SOURCES: Victor Fornari, M.D., director, division of child and adolescent psychiatry, Zucker Hillside Hospital, Glen Oaks, N.Y., and Cohen Children's Medical Center, New Hyde Park, N.Y.; University of Melbourne, news release, April 26, 2016
TUESDAY, April 26, 2016 (HealthDay News) -- Omega-3 fish oil supplements may improve the effectiveness of antidepressants, new research suggests.
Researchers reviewed the findings of eight clinical trials worldwide, as well as other evidence, and concluded that the supplements appear to help battle depression in people already on medication.
"Omega-3 fish oil -- in combination with antidepressants -- had a statistically significant effect over a placebo," said study leader Jerome Sarris. He is head of the ARCADIA Mental Health Research Group at the University of Melbourne in Australia.
The study looked at the result of trials where patients battling depression took either a standard antidepressant plus a form of omega-3 fish oil, versus the antidepressant plus an inactive placebo.
"The difference for patients taking both antidepressants and omega-3, compared to a placebo, was highly significant," Sarris said in a university news release. "This is an exciting finding because here we have a safe, evidence-based approach that could be considered a mainstream treatment," he explained.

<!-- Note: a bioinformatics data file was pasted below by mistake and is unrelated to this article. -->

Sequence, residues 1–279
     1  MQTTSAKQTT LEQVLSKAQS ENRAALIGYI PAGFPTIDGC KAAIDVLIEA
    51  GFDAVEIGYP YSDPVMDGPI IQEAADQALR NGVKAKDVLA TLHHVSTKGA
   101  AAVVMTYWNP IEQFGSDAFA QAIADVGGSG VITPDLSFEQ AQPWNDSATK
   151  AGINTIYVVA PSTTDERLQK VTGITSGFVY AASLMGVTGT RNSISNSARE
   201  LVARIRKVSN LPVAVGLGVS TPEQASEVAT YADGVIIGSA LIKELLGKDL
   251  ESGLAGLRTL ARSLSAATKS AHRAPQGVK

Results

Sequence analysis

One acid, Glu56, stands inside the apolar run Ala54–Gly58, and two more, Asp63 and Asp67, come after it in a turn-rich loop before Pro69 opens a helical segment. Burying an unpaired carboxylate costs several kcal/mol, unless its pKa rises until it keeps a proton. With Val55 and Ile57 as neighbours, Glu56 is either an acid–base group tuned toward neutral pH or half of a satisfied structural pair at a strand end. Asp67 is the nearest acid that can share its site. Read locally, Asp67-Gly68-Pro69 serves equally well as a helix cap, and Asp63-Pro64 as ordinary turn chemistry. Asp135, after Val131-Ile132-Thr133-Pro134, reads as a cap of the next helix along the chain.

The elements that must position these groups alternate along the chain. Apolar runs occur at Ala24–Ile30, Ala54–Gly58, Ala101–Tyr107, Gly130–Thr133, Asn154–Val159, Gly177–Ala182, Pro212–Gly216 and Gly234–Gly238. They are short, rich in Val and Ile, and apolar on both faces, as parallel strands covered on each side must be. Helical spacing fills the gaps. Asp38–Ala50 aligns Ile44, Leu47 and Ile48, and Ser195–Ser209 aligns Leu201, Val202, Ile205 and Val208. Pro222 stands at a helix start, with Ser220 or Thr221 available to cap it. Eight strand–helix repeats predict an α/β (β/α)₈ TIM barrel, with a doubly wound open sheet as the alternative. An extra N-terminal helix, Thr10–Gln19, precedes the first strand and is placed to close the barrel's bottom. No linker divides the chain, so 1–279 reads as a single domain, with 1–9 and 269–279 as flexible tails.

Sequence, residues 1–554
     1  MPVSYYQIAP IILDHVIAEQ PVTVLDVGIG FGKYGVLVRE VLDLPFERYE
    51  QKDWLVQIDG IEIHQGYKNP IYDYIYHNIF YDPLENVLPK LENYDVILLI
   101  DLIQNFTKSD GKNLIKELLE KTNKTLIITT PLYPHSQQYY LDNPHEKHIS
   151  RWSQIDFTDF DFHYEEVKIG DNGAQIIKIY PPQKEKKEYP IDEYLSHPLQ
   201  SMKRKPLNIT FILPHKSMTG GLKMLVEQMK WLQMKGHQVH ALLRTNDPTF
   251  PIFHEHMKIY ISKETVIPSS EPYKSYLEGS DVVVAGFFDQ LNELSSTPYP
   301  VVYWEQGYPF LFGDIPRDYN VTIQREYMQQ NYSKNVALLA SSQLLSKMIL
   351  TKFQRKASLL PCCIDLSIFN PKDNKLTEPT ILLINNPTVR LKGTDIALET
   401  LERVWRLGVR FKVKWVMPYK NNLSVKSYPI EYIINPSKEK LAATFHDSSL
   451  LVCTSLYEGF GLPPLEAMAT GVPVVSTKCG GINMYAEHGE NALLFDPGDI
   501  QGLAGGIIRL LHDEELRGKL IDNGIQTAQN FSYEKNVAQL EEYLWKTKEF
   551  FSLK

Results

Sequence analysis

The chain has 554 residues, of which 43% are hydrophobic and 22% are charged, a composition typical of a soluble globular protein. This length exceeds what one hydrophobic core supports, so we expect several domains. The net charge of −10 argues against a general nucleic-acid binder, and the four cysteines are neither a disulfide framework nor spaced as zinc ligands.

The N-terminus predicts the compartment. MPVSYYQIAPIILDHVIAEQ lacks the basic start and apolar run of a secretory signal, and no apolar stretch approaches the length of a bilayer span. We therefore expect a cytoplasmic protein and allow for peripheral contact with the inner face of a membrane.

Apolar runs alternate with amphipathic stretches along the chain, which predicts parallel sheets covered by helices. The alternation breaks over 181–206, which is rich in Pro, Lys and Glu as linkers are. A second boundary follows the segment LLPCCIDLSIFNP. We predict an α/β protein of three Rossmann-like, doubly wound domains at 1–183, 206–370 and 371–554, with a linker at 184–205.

"Many studies have shown omega-3s are very good for general brain health and improving mood, but this is the first analysis of studies that looks at using them in combination with antidepressant medication," Sarris said.
Doctors may be reluctant to prescribe dietary supplements in combination with antidepressants due to a lack of scientific evidence and concerns about safety. But, Sarris noted, the researchers found no major safety concerns in combining the two therapies.
However, the study authors stressed that patients should always talk with their health care provider before taking dietary supplements. In addition, people need to be aware that these supplements can differ in quality.
"We're not telling people to rush out and buy buckets of supplements. Always speak to your medical professional before changing or initiating a treatment," Sarris said.
One expert in the United States believes the findings might be of use to patients.
"The general population is often looking for natural remedies to treat health problems," said Dr. Victor Fornari.
"A large number of individuals with depression do not reach remission with one or two trials of medication," added Fornari. He directs child and adolescent psychiatry at Cohen Children's Medical Center in New Hyde Park, N.Y.
"This may enhance the recovery of individuals who do not respond to antidepressants alone," he said. However, Fornari agreed with the authors that "individuals are cautioned to consult with their medical professional before proceeding."
The study was published April 26 in the American Journal of Psychiatry.
The U.S. Food and Drug Administration has more on dietary supplements.